I believe the reason why many think the Trump administration has brought racism to the forefront is because much of the publicized acts are overt. Ten days within the election of Donald Trump, there was a report of over 800 hate crimes against non-white people. That caused many to gasp. But what we are not grasping is the covert acts of racism that happen every day which are not looked at as racism, but just normal behavior. If you were to ask any non-white person if they feel they have been discriminated today, I believe they could give you an example. Things such as white people clutching their purses as a Black man walks down the street, being silenced in public spaces, followed in department stores by security because they feel you may steal, and not being able to find adequate housing even though you match all the criteria needed is as racist as a white terrorist attack. We need to look at any negative racial aggression, no matter how small, as racism. It doesn’t have to look like a skinhead or angry white man yelling slurs. Recently, Black farmer Chris Newman wrote a social media post talking about the racism he experienced from “Liberal whites” in Charlottesville, Virginia. Newman said he is racially profiled from police due to calls from white people with “I’m with her” and “Coexist” stickers on their vehicles. That doesn’t sound like the usual Trump supporter. We can easily point out their racism, but to highlight how the person who “supports” Black Lives Matter and voted for Obama, well that is an entirely different conversation.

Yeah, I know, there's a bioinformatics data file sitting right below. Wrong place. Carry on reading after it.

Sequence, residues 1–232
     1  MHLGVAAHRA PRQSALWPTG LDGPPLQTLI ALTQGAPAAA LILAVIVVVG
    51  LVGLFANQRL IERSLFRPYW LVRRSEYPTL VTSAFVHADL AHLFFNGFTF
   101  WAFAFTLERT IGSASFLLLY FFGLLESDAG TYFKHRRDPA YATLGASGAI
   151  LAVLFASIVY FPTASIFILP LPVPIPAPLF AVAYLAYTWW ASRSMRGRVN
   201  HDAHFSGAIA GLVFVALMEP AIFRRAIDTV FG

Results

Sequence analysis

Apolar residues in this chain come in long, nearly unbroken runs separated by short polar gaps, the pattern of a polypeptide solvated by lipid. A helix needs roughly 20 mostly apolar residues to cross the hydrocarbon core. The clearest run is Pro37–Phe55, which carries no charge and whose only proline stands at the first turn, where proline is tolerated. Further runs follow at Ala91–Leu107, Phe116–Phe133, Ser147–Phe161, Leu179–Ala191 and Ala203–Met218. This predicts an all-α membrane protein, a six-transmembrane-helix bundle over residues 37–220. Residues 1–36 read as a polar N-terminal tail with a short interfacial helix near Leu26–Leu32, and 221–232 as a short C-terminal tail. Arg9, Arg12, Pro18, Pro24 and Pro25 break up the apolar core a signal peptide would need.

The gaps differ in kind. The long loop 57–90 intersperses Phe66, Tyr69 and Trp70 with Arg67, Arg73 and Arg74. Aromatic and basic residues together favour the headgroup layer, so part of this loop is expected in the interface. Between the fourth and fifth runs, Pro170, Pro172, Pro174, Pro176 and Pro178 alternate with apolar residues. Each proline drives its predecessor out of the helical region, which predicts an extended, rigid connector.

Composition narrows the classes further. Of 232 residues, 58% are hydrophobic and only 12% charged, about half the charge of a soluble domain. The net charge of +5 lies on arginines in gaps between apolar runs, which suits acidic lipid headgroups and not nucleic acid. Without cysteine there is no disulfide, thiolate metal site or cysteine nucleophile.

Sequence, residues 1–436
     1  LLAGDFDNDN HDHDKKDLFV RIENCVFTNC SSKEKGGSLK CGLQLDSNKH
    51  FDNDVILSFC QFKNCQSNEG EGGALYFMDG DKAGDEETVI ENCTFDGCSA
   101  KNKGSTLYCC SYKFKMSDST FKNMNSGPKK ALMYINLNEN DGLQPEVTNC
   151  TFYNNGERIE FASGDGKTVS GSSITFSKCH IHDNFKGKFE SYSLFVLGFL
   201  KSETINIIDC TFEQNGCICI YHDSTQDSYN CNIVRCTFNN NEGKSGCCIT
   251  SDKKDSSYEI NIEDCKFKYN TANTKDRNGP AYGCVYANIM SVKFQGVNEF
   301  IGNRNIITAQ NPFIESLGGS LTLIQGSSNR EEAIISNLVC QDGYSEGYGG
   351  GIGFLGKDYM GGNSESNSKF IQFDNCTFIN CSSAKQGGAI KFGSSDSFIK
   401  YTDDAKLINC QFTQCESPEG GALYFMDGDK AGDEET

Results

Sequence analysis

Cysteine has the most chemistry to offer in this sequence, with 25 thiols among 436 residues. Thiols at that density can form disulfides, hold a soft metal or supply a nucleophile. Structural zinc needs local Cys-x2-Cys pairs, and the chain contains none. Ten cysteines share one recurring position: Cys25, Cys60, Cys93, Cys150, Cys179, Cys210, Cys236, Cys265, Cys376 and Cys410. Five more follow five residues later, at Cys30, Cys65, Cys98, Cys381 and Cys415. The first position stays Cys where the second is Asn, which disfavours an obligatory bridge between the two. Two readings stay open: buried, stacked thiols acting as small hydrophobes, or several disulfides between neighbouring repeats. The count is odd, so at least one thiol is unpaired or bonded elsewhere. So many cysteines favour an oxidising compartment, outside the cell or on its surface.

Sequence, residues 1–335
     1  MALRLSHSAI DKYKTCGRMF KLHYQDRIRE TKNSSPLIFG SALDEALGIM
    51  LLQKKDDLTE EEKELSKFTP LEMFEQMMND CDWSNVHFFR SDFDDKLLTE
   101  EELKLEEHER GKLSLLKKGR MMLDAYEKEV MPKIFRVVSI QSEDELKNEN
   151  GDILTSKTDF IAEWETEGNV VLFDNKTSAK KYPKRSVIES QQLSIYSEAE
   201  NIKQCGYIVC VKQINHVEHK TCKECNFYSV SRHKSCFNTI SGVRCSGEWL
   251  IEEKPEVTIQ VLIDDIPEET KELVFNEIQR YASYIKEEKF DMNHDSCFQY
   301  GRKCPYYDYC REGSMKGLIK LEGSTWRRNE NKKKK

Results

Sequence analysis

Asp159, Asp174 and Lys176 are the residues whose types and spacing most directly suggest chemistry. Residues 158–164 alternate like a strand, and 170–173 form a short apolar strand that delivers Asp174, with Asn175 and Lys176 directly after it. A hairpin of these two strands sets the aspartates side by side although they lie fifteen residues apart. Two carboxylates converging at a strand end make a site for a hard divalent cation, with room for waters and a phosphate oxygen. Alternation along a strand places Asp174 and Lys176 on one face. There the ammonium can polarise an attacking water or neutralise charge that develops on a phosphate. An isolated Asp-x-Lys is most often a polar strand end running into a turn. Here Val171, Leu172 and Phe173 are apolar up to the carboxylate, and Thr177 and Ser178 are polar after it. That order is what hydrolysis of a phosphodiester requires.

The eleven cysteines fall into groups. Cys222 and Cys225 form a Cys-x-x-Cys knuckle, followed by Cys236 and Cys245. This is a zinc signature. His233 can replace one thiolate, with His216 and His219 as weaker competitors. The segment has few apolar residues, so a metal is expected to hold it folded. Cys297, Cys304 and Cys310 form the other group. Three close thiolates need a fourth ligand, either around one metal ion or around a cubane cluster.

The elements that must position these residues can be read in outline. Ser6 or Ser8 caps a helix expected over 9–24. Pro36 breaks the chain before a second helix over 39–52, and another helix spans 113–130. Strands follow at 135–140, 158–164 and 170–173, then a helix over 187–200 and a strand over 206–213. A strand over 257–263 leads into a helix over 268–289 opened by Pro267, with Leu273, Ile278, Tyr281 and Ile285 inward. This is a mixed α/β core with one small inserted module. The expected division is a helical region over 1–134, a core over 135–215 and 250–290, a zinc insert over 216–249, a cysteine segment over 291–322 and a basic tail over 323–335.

This is not a piece supporting Donald Trump. I believe he is a racist, vile man. I am not absolving him of any of his racist tirades or legislation. I am just asking us to be honest about racism and look at it in its entirety. I wanted to write an essay talking about the blind spots white people have when discussing racism and why Trump is looked at as the scapegoat. Black men being imprisoned by astounding numbers is racism. Latino farm workers being exploited is racism. People of Middle Eastern descent being subject to more extensive body searches than other airline passengers is racism. Non-white people not being paid the same rate for the same job as white people is racism. Black people not having the same access to education as white people is racism. Gentrification destroying communities and causing the long time residents to be seen as criminals is racism (RIP Alex Nieto). The question that we should be asking is, “Did Trump’s presidency encourage more racist violence?” That is a more sensible question, but I wager many people of color would argue their lives are not in any more danger than if Trump didn’t take office. I could be wrong, though.
By blaming President Donald Trump for racist acts such as the attack in Portland and any other racial aggressions is obfuscating the real problem we have. We will never get to a real solution until we are real with ourselves. Racism was here before Trump and will be here after and we need to admit that.